On finding it hard to dress for events since she is not a sample size:
What also has become apparent when I have to get clothes for these events is that I have a normal body. A lot of fashion houses are reluctant to lend clothes that aren’t in the sample sizes of 0 and 2, so it’s getting harder and harder for me to find clothes without buying them. That’s the whole problem with the fashion industry: My body size is literally normal and healthy, but when you put me next to a model, I look obese.
I am pale white. I hardly tan. I have cellulite. I’m not petite. I’m around 6 ft. I drop weight rather quickly but gain it by eating one bagel. I’m a 36 D cup and I have a booty. I’ve got inner thigh fat. And outer thigh. And just straight up thigh fat. I’ve gone from a size 00 to a size 6 to a size whatever to not knowing to not eating to eating boxes of pizza to starving myself to being gym obsessed to eating my way out of a sprinkles cupcakes bakery to now. I’m happy. I’m mentally ready to work hard. It’s not even necessarily a matter of working out and eating clean, it’s also how I’ve thought recently. I’ve been cloudy, unfocused and losing energy. I need to reset my mind and body. I now take this harsh world with a grain of salt and accept myself for who I am. Sure I could work a little bit harder. We all can. Or maybe you need to learn to love yourself before you can do anything. I’m taking the next month to do a full mind, body and health reset cleanse. It’s not juicing, it’s not starvation, and it’s not about obsessing over each and every inch of my body. I’m happy to post my tips and tricks along my journey to reaching my healthiest self. I’m no fitness and health expert. Lord knows I love deep fried pizza and I shout super size me from the mountaintops, but I do know what I’ve done in the past to reach my goals and I want to share them with girls who are in my shoes. It’s time to love your self and take care of our bodies!!!
‘When I was younger, I remember going into an expensive clothing store, and I asked for a size 12 and they said, “Oh, we don’t have something that big.” I’m like, first of all, f*** you. But like, it’s not what you say, it’s how you say it.’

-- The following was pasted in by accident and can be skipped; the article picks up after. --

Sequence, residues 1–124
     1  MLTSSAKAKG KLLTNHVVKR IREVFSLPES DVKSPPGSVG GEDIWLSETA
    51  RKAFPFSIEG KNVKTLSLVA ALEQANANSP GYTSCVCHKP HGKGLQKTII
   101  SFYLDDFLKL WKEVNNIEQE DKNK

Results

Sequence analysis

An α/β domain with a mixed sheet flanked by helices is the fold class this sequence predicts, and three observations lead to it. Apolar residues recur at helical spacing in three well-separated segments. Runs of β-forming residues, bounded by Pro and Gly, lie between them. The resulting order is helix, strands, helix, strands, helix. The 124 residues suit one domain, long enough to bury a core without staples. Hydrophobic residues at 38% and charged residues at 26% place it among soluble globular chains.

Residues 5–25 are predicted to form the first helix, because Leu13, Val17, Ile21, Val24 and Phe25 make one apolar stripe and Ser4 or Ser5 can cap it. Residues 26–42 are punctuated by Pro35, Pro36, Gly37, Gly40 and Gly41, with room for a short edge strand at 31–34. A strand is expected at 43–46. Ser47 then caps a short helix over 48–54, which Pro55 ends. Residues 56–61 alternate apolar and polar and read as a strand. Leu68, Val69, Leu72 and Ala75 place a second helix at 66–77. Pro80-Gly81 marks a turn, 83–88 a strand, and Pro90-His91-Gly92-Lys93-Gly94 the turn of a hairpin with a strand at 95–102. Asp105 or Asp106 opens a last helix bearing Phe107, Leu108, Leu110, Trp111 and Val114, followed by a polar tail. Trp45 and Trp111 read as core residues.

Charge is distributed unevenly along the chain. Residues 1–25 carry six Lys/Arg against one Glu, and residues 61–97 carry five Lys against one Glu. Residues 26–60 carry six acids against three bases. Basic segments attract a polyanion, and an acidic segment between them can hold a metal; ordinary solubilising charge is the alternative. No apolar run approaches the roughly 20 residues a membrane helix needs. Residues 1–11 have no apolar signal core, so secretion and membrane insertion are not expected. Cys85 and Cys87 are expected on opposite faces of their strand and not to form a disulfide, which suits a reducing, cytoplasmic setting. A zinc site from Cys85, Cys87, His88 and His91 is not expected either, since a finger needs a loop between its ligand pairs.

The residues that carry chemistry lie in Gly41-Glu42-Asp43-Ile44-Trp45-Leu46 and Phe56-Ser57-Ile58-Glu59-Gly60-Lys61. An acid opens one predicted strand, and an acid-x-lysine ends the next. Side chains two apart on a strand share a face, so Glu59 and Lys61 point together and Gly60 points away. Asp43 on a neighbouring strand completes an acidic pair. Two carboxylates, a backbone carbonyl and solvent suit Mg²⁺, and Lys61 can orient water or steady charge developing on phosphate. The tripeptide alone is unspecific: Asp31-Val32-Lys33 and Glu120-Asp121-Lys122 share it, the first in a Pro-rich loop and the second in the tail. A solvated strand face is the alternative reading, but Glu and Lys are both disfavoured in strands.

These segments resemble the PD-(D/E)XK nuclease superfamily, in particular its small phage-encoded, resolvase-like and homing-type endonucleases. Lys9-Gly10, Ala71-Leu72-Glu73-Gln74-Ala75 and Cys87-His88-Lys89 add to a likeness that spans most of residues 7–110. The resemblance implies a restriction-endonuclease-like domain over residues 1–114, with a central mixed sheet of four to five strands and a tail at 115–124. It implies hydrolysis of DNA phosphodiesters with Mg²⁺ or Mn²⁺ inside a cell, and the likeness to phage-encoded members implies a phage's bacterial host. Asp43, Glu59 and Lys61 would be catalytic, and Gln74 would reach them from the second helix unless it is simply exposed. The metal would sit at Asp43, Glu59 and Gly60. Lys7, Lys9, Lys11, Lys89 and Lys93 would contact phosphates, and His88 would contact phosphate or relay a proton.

On how she was scared for being a size 31 in jeans:
‘When I used to shop at high-end boutiques for jeans with my sisters, they would ask for waist size 28 or 26. I would ask for a 31 and the sales assistants would look at me, make this hissing sound and reply, “We don’t carry that size here.” It made me feel so embarrassed and ashamed that for a long time in my life I didn’t wear denim… It does scar. I’ve held on to those words for so long.’
A photo posted by Plus Model✖️ Mom ✖️ Feminist🎄 (@tessholliday) on
31 year-old plus-size model Tess Holliday, who says she is a size 22 US, recently traveled with her family and stayed overnight at San Luis Obispo’s Madonna Inn – but the model was left unsatisfied when she tried on the inn’s ‘One Size Fits All’ robe and realized it did not fit. The redhead posted a photo on Instagram with the message:
‘I’m so glad they had a robe my size. #onesizefitshardlyanyone’
44 year-old Tracee Ellis Ross, who stars in Black-ish, recently opened up to People Magazine about weight fluctuations, style and not being Hollywood thin.
The full story from People:
“I’ve always been connected to the narrative of clothing,” she says. “My mom taught me that you can spend money on nice things if you’re going to use them. For example, I have an Alexander McQueen jacket that I wear with everything, even sweatpants.”
One of the things she has also learned over the years is stop obsessing over her size despite not being Hollywood thin.
“You know, I am not a sample size,” she says. “I am not a model size. I am small for people and big for an actress. My weight fluctuates a lot and I move with it. It is what it is. That’s why I try not to have a relationship with the size that I am.”
And she deals with the change in her own unique way. “I actually own my favorite jeans in three sizes—28, 29 and 30,” she explains.
“Depending on how I feel, I always start with the big ones and if I get to go down, great,” she says. “It’s the same thing with dresses and clothing. I want to wear something that makes me feel gorgeous, not that makes me feel self-conscious about my body. Hiding insecurities or putting attention on the stuff that feels good is really the key…”
Ultimately, though, when it comes to picking out her looks, she says “there’s no real method to my madness.” All she does, she says, is “ask what is the best thing out of my closet or the best thing on the rack that makes me feel good and fits.”